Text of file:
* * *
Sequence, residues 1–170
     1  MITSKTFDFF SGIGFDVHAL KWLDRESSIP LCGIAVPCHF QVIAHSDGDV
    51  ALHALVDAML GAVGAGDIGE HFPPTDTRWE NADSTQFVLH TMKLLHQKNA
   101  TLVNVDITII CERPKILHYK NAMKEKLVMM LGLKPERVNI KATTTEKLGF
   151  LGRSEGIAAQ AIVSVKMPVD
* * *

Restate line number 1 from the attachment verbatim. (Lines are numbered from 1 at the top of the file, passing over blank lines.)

Sequence, residues 1–170